Dr. Deidre Claiborue: Passionate and Hardworking Doctor

Article originally appeared in the Oakland Press on March 31, 2019 It began with just a single location in Pontiac in 2012.

Seven years later, Honor Community Health has expanded to 11 different medical centers throughout Oakland County.

The organization was established to provide medical care and assistance to those that have struggled to secure proper coverage and treatment.

As a Federally Qualified Health Center, grants are received via state and federal government to help serve many of the uninsured or those on

Prior to joining Honor in May of 2018, Claiborue was the medical director of a PACE program in Jackson, and also spent 12 years working at Henry Ford. The wide-ranging capabilities of Honor Community Health made an early impact on Claiborue.

“I knew that they worked with the underserved, but I really didn’t know the multitude of people they treated. Honor Community Health has expertise in treating people with addiction, mental health issues, and also the homeless population.” “Coming from the Henry Ford arena, a lot of times those types of more complicated situations are farmed out to specialists. But here we are able to keep them in our circle and help our patients through those challenges by providing a comprehensive approach.”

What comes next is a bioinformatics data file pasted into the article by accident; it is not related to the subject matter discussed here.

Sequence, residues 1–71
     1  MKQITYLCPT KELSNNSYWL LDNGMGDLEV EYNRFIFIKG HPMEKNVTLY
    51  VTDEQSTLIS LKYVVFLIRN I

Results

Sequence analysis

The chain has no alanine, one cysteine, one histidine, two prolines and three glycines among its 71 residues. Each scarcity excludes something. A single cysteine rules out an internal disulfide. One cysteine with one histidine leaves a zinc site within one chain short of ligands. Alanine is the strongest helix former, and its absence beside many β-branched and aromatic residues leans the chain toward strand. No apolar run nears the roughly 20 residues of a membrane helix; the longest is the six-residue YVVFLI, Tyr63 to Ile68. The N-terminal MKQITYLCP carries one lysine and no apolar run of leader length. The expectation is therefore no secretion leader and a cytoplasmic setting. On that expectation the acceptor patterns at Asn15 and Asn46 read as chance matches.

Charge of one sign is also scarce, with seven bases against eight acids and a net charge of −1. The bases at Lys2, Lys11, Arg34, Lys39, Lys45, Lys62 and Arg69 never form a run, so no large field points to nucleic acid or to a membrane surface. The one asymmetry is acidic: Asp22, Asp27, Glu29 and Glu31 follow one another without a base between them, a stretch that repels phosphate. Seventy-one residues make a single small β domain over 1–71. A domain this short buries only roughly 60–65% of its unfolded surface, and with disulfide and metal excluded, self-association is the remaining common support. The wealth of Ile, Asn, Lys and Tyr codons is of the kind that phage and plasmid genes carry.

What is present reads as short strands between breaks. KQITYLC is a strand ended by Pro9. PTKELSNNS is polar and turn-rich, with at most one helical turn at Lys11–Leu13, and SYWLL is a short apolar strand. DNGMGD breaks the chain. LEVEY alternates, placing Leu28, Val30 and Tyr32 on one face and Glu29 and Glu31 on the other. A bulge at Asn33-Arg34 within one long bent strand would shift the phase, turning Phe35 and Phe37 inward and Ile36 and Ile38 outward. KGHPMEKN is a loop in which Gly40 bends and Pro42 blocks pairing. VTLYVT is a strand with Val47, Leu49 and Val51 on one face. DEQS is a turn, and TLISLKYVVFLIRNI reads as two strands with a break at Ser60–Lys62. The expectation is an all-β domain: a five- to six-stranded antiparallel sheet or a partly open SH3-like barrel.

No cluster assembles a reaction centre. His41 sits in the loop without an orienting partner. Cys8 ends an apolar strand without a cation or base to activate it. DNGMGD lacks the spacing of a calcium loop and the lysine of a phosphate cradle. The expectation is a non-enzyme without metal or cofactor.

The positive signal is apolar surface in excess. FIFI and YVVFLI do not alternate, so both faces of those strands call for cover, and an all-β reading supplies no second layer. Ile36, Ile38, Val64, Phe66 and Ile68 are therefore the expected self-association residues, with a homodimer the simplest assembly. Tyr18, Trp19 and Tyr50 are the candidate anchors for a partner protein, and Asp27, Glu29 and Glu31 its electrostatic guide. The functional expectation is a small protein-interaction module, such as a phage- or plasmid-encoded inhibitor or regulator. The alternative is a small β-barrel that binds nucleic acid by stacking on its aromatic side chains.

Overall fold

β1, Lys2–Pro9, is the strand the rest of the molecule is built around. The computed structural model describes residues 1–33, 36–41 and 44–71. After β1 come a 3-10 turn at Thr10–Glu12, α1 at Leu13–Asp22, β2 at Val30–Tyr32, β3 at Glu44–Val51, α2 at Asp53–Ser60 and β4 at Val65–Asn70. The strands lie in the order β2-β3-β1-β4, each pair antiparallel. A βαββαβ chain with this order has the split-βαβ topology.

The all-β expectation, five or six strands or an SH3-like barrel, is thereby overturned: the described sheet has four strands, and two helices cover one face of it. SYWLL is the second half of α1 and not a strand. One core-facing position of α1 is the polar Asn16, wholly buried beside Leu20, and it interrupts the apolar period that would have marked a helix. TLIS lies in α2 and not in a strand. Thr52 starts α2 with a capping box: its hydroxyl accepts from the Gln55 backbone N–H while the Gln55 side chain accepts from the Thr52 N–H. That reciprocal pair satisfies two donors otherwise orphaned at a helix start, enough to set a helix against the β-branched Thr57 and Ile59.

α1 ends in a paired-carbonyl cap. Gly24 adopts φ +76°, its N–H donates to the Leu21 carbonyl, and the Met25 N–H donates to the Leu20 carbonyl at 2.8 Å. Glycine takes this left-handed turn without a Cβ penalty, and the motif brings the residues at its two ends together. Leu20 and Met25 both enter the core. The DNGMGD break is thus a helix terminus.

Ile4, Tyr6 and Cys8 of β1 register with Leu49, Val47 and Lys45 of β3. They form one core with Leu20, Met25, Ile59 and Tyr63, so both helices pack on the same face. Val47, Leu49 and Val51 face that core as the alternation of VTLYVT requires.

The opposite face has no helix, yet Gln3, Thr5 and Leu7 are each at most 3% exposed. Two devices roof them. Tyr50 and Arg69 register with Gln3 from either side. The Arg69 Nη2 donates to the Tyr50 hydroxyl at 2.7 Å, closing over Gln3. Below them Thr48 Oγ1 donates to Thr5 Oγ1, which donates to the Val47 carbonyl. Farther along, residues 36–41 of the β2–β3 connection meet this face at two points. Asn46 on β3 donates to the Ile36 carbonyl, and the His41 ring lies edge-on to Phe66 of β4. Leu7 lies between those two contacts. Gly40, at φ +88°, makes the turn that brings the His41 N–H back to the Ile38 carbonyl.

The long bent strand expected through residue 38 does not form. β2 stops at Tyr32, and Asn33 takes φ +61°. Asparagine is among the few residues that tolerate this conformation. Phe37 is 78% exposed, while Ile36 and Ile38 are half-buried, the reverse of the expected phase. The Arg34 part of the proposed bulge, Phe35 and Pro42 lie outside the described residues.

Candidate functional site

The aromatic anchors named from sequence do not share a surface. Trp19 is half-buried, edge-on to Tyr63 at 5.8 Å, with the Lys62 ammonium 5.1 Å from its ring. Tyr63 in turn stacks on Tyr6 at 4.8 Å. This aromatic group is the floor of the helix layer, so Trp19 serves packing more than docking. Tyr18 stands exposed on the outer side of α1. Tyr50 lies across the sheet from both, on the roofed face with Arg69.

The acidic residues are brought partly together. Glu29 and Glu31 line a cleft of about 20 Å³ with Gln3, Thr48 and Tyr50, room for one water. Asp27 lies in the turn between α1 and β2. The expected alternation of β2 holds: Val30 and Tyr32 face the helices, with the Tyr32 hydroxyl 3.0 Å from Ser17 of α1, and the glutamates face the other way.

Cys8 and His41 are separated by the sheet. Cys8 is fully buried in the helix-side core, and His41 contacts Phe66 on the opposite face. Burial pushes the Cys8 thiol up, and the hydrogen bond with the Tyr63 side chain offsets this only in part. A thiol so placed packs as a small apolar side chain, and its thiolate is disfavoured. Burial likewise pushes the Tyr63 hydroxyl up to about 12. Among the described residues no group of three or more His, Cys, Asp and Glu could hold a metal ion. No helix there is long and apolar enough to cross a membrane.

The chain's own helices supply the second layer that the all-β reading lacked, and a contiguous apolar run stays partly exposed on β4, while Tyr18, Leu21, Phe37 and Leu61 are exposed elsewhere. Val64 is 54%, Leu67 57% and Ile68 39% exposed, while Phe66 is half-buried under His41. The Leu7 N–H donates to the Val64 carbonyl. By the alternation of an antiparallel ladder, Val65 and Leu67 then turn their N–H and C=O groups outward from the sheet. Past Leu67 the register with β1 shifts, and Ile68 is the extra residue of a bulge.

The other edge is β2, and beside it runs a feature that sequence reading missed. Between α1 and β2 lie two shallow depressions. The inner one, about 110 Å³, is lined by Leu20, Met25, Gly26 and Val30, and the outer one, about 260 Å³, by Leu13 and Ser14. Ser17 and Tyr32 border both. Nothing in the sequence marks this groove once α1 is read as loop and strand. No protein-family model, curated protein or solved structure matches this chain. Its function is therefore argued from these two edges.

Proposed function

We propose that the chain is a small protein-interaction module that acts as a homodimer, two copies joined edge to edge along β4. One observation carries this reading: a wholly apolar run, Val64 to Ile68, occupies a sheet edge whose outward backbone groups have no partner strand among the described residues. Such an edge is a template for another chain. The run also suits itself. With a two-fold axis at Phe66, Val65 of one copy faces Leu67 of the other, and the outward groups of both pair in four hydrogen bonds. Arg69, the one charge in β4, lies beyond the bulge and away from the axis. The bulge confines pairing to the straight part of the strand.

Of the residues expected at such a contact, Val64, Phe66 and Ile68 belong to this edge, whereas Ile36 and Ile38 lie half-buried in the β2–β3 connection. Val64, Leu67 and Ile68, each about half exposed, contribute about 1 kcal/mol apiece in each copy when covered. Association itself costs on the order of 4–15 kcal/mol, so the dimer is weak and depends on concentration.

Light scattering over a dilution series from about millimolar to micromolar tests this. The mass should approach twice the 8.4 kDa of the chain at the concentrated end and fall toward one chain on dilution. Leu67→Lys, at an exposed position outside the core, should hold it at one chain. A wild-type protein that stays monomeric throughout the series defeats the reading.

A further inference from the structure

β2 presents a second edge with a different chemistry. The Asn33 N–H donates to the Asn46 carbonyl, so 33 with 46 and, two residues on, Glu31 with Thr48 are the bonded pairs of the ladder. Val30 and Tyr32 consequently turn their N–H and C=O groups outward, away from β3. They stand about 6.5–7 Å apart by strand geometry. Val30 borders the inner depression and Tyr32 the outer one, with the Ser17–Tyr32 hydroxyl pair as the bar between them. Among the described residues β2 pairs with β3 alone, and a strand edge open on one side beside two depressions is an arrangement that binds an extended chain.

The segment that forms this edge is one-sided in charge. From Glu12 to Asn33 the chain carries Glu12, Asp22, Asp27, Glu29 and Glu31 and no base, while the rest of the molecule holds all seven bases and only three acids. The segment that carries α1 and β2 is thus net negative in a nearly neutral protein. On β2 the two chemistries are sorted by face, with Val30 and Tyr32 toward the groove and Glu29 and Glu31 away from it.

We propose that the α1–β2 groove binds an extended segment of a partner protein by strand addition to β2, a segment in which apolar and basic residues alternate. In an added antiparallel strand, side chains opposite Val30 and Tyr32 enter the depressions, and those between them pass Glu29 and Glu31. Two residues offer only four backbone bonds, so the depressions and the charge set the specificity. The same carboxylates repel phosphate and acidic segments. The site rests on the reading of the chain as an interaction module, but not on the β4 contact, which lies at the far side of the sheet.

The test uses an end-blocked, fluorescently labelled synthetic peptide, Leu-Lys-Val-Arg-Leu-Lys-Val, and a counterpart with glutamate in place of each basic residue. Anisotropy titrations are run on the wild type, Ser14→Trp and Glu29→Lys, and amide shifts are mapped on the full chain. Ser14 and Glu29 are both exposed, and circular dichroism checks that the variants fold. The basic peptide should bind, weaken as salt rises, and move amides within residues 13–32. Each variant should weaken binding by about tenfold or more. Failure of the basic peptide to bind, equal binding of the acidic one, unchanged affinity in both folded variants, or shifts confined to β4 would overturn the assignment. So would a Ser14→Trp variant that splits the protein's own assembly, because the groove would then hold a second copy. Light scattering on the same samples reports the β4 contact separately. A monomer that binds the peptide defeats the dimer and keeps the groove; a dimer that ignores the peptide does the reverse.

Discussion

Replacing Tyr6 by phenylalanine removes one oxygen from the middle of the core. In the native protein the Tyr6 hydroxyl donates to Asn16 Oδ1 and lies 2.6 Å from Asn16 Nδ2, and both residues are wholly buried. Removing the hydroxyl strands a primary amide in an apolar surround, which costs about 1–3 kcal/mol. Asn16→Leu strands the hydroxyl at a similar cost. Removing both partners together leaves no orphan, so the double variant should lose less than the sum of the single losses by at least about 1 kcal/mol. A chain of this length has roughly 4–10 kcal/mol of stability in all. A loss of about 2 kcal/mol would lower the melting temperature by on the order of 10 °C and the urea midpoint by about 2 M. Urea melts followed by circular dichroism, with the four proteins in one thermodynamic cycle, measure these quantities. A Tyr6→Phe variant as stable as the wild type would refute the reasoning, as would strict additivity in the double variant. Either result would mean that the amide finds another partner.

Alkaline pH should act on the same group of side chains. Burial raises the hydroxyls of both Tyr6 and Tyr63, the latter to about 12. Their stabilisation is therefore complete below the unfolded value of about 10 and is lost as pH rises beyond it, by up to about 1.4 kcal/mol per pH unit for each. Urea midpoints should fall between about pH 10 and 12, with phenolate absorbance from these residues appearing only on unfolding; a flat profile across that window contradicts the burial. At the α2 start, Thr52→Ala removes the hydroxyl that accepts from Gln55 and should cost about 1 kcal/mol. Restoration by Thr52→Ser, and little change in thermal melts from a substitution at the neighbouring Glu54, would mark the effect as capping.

(248) 724-7600

Now a West Bloomfield resident, Claiborue was raised in Detroit and earned her medical degree from Wayne State University. As a family medicine physician, she treats newborns, elderly patients, and everything in between.

“I always envisioned working with a wide variety of patients, being able to provide services to anyone in the family so that if I had a wife come in, she might say: ‘Can you also see my husband?’ Or maybe a son or niece. And I can say: ‘Yes, I sure can!’ Sometimes a family takes the initiative to try and get healthy together and that can have a really positive impact.”

While Dr. Claiborue acknowledges the sometimes demanding nature of her work, she wouldn’t trade it for anything in the world.

“You have to have patience and tenacity. It can be challenging coordinating all the services that are needed. But the most important thing is just seeing someone make progress with their health and then be able to enjoy a better quality of life.” “It is very gratifying.”